Your vehicle’s Steering System is vital to maintaining safe operation. It provides precise control of the front-wheel direction and sometimes the rear-wheel direction as well. Your Steering System also transmits the feel of the road to your hands, absorbs most of the shock to the steering wheel and allows for suspension action without affecting the direction of the front wheels.
There are two basic kinds of steering systems in use today: linkage and rack-and-pinion. Linkage Steering Systems are found on large, full-size pickup trucks and full-size vans. Rack-and-pinion steering systems are lighter and are better for passenger cars and small trucks.
The Basic Linkage Steering System includes the steering wheel, the steering shaft and column, the gearbox, linkage and ball sockets. The wheel rotates the steering shaft, which transfers the movement through the gearbox and the linkage out to the steering knuckles.
The Basic Rack-and-Pinion Steering System also starts with the steering wheel, column and shaft. Instead of a gearbox, this movement is transferred to a Steering Pinion Gear that has teeth that mesh with gear teeth on the rack which is a steel bar that slides sideways as the pinion gear turns. All of this happens inside a gear housing that encloses the pinion gear and rack. At the ends of the rack are tie-rods, which are steel rods with swivel sockets on each end that connect the rack with two front steering knuckles.
Most vehicles today have Power Assisted Steering which means there is an engine-driven pump and hydraulic system to assist the steering action. In many cases, this pump is powered by a belt running from the engine crankshaft pulley. This pump can work in several different ways and be placed in front or behind the engine, but its purpose is the same. It is important for this pump to work properly and have the power steering fluid in this pump checked regularly for amount and cleanliness to keep it running. There are several high-pressure, hydraulic rubber hoses that connect the power steering pump to the gear box or power cylinder. Metal lines may be used as well in some cases.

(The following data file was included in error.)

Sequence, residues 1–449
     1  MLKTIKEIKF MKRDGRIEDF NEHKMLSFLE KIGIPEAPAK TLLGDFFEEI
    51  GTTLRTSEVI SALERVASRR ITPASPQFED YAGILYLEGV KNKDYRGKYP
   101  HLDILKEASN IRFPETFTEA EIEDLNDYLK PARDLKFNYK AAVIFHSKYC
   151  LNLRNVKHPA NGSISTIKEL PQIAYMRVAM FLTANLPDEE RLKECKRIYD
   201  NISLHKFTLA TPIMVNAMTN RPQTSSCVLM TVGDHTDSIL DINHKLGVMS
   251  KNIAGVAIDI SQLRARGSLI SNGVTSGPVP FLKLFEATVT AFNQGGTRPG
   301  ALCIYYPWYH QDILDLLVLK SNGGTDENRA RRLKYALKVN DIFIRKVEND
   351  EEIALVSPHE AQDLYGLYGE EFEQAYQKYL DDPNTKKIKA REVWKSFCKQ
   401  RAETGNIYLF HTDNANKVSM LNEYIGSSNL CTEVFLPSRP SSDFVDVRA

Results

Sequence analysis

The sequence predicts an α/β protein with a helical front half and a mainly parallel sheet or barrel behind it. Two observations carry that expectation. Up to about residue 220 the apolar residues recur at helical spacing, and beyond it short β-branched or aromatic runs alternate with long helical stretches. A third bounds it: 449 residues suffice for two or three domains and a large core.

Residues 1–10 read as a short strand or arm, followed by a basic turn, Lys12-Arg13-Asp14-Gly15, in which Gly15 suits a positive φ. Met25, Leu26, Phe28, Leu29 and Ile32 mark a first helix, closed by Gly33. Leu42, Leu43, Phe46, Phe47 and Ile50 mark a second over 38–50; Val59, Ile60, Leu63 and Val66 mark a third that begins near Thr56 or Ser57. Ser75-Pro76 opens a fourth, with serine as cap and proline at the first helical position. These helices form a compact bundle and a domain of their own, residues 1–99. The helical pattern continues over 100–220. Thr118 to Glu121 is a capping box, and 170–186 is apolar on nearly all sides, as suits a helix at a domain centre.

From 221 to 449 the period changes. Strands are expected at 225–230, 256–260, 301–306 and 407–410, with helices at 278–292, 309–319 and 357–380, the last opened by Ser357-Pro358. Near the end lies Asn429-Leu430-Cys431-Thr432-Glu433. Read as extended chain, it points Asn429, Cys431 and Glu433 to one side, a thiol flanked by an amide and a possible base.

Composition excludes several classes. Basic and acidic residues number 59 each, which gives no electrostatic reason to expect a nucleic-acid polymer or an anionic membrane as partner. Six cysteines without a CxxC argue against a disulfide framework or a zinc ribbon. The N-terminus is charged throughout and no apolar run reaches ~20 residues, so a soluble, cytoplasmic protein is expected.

When troubleshooting Steering System problems, a qualified technician will start with a check of power steering fluid levels, incorrect belt adjustment, system leaks, a test drive and a look at all components while your vehicle is raised on an automotive lift. Any excessive loose movement (play) in the steering system may indicate that parts are worn, damaged or out of alignment and will need to be assessed. As with many other vehicle issues, it is important for the driver of the vehicle to notice what sensations are being transmitted through the steering wheel, and to let your Advisor know what you are experiencing as far as feel, noises heard and whether things are felt during straight driving or just when turning the wheel.
Today’s newer vehicles have electronic power steering and all the older Hydraulic Power steering systems are starting to become a thing of the past so troubleshooting problems becomes a matter of understanding the electronic components that control our vehicles.
Give us a call today at 314.423.3876 to schedule a time for us to look over the Steering System in your vehicle and we will make recommendations to keep you driving safely in the right direction.